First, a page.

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Cases and developments in 2003
of men and women are on death rows around the world, waiting to be executed
by the state. Amnesty Internationals members are constantly writing to
governments raising theirs concerns, calling for the prisoners death sentences
to be commuted. Here follows a few of these cases.
Amnesty International has recently learned that Afsaneh Nouroozi is at
imminent risk of execution after the death sentence against her was upheld
by the Supreme Court. The Supreme Leader of Iran, Ayatollah Sayed Ali
Khamenei, is the only authority able to grant clemency at this stage.
Afsaneh Nouroozi was reportedly arrested in 1997 after killing the Head
of Police Intelligence in Kish, Southern Iran. She allegedly acted in
self-defence in order to protect herself from being raped. Afsaneh Nouroozi
is being held in Bandar Abbas prison in southern Iran, which is notorious
for its poor conditions. Amnesty International has recorded 83 executions
so far this year in Iran, although the true figure may be much higher.
Hakamada Iwao, aged 67, has been in prison for nearly 37 years and Under
sentence of death for over 34 years. He is detained in Tokyo Detention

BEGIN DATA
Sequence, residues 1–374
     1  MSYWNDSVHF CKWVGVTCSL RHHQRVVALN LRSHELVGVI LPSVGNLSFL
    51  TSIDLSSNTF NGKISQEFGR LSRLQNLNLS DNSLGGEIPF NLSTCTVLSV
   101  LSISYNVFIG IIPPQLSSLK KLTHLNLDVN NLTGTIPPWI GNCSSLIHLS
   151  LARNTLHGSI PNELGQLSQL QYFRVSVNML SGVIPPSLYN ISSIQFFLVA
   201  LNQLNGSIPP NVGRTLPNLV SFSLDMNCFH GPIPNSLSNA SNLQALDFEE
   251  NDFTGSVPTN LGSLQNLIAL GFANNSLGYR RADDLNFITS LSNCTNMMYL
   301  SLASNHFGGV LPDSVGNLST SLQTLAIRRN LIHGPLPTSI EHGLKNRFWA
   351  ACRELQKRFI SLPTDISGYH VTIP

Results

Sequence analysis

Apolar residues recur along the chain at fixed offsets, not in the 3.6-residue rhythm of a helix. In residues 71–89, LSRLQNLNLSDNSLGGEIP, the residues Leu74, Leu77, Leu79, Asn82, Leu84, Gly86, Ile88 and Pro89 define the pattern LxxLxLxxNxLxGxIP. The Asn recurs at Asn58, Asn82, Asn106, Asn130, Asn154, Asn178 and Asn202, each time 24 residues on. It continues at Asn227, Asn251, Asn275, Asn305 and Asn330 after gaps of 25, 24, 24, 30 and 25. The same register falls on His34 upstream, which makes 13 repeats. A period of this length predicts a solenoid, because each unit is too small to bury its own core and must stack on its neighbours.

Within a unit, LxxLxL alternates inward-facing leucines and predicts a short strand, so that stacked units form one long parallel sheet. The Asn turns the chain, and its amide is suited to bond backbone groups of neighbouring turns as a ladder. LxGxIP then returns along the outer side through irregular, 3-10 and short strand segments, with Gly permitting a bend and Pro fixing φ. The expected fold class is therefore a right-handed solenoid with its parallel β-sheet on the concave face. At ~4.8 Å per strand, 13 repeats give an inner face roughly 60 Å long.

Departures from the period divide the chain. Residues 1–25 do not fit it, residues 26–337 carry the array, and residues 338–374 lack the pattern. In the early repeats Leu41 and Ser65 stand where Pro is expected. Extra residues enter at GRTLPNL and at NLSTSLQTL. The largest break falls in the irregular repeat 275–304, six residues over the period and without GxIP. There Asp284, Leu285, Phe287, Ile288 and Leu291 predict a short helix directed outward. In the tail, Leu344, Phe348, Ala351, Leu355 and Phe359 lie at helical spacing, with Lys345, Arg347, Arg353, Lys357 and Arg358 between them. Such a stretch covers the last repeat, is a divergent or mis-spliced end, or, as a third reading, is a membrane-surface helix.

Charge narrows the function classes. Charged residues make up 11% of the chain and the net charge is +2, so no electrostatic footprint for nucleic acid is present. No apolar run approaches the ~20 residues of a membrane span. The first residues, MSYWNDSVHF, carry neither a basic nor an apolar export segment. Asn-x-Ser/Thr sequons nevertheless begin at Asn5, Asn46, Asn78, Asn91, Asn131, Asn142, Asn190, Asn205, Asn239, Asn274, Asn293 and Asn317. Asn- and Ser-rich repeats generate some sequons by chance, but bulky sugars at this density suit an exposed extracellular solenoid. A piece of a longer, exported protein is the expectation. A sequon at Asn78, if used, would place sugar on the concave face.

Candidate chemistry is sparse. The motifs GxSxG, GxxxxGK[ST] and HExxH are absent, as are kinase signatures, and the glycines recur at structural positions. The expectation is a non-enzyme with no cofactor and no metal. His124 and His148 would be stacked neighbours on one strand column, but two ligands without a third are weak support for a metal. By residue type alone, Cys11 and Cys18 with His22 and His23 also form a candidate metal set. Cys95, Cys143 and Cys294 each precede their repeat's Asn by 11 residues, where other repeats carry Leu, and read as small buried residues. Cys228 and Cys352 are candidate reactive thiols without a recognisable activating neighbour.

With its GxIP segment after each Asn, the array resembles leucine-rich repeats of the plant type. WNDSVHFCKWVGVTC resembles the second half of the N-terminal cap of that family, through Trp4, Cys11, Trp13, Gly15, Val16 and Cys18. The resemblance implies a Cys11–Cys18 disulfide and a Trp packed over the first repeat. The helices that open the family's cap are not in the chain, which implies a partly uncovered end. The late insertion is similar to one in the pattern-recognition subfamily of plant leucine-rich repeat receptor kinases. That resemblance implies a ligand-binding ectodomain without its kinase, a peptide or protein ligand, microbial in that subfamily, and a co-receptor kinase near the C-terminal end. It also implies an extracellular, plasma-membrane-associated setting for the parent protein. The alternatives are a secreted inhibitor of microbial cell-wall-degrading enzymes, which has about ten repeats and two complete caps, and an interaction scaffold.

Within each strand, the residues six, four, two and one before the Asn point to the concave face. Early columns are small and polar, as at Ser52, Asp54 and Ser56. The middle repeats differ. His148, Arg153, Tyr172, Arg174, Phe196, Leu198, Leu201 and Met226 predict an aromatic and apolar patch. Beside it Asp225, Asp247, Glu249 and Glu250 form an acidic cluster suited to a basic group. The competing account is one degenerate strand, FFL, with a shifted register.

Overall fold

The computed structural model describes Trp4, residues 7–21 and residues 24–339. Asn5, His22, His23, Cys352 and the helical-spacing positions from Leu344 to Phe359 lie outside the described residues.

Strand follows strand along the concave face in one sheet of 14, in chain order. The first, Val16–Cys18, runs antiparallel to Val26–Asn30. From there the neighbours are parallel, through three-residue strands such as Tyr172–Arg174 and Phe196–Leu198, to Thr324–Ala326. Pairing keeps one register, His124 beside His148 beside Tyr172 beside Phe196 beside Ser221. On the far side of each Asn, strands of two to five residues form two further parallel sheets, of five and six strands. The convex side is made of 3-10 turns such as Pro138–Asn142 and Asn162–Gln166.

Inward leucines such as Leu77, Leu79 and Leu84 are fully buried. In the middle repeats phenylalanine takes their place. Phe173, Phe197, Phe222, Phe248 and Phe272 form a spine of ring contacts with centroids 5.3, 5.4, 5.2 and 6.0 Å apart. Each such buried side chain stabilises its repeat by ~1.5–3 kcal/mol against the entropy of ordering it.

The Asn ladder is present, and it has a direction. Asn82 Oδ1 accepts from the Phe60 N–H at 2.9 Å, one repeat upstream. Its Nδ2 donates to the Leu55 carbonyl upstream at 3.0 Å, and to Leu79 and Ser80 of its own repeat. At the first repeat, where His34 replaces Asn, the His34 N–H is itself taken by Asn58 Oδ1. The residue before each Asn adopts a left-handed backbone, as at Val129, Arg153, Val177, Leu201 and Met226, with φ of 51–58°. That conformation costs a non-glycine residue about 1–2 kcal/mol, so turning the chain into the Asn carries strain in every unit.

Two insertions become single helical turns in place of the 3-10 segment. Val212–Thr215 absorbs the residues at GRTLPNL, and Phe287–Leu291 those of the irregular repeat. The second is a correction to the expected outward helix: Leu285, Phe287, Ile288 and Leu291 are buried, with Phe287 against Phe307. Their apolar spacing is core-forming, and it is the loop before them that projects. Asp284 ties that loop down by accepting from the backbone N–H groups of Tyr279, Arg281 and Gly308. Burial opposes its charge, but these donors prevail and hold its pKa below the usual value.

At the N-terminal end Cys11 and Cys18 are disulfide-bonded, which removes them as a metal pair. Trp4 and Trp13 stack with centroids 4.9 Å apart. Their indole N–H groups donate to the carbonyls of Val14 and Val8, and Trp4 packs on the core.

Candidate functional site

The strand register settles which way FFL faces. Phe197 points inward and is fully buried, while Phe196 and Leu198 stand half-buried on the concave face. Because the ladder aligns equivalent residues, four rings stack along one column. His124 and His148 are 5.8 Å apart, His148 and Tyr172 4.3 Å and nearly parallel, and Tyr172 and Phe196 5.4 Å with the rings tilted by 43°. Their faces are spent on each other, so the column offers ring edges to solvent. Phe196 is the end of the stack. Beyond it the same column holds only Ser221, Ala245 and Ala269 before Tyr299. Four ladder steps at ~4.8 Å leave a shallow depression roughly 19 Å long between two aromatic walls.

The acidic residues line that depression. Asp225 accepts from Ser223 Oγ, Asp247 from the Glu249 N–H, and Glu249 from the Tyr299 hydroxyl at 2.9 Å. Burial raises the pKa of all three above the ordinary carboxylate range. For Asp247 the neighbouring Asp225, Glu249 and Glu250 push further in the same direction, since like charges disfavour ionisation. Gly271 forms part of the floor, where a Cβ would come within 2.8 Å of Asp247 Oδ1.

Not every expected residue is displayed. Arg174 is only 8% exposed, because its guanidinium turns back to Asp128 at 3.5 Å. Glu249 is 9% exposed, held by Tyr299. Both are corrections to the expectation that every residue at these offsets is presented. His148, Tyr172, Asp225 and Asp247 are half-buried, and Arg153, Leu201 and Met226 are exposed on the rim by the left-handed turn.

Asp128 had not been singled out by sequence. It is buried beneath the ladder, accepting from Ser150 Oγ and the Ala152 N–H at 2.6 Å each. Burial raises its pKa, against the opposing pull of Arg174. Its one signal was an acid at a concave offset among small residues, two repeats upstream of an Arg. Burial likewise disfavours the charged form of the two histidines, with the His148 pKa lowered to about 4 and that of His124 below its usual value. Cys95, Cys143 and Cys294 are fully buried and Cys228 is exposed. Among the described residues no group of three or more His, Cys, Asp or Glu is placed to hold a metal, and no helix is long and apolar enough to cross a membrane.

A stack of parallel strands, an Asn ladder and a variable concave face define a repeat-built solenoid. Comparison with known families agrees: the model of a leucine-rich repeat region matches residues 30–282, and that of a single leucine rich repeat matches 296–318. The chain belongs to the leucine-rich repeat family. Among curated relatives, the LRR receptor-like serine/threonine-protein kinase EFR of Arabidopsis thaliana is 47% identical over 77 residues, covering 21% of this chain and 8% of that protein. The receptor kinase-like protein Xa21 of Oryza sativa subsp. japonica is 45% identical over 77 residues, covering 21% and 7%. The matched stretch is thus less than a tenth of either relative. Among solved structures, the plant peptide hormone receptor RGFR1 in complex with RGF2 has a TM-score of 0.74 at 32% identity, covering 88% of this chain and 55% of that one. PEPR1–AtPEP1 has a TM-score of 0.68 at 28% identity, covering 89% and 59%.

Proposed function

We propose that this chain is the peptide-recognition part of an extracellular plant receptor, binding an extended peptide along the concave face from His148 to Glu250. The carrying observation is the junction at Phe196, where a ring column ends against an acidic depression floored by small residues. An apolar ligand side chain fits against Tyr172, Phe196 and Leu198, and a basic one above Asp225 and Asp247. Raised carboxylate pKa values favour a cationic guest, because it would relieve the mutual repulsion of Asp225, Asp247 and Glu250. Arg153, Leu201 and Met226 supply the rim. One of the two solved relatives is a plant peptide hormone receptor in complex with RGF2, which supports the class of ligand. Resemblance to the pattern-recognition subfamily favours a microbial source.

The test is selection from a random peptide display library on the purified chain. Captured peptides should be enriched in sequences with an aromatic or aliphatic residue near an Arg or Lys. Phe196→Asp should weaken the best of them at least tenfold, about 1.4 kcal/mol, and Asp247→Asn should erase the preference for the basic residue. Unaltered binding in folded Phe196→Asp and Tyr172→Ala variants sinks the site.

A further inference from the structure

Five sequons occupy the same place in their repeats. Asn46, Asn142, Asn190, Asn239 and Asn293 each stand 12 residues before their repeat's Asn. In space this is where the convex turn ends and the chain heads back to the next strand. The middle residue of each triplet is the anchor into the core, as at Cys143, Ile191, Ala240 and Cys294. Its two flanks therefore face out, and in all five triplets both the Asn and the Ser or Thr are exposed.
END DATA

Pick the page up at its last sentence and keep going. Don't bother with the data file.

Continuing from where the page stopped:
Centre. He is said to be in poor mental and physical health as a result
of his long imprisonment. Hakamada Iwao was accused of the murder on 30
June 1966 of the managing director of Kogane Miso plant at Yokosuna, Shimuzu
City and his (the managing directors) wife and two children. He was again
arrested in August 1966; he was reportedly interrogated for periods lasting
on average some 12 hours a day, with one period alleged to have lasted
over 16 hours, for a period of 23 days. Hakamada Iwao has consistently
claimed that he was forced to confess to the charges of which he was convicted.
At least 118 people are under sentence of death in Japan, some 50 of whom
have had their sentences finalised and can be executed at any time. Prisoners
are told less than two hours before execution that they are going to be
killed; families and lawyers are never informed of the decision. Most
condemned prisoners are held on death row for many years, and endure considerable
Ahmadu Ibrahim and Fatima Usman were originally convicted for extra-marital
relationship by a Sharia court in Niger State and sentenced, in absentia,
to death by stoning in May 2002. They did not have legal representation
during their first trial. They now have a defence lawyer working on their
case. The lawyer is supported by Baobab for women's human rights, a Nigerian
NGO. Their appeal is now pending.
year five people were sentenced to death under new Sharia penal legislation.
One of them was Amina Lawal whose sentence to death by stoning was overturned
by a Sharia Court of Appeal in Katsina State on 25 September this year.
Since 1999 new Sharia penal legislation have been introduced in 12 northern